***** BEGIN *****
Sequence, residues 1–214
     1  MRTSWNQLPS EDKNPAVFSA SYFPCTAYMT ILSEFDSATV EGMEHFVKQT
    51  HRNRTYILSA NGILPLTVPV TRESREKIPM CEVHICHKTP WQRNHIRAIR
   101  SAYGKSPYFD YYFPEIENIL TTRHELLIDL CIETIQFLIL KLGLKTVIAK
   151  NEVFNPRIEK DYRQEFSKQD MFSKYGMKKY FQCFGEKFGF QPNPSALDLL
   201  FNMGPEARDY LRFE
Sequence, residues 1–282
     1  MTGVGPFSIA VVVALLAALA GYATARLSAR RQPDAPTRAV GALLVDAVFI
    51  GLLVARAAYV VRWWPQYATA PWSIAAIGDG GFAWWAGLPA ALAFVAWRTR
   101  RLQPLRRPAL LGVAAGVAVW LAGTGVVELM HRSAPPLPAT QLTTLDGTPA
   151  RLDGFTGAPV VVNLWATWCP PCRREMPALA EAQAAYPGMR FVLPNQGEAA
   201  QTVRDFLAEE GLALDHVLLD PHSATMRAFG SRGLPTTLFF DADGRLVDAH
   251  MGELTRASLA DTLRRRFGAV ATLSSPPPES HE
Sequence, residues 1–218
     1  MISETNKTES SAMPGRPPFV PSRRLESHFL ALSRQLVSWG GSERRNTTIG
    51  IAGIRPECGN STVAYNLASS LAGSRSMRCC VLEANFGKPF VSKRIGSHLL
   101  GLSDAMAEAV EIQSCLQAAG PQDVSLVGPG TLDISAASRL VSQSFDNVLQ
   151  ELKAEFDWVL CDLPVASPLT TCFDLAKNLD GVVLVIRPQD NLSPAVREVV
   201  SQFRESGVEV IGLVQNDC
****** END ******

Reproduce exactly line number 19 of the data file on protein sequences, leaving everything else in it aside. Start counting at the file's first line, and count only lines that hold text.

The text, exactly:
   201  SQFRESGVEV IGLVQNDC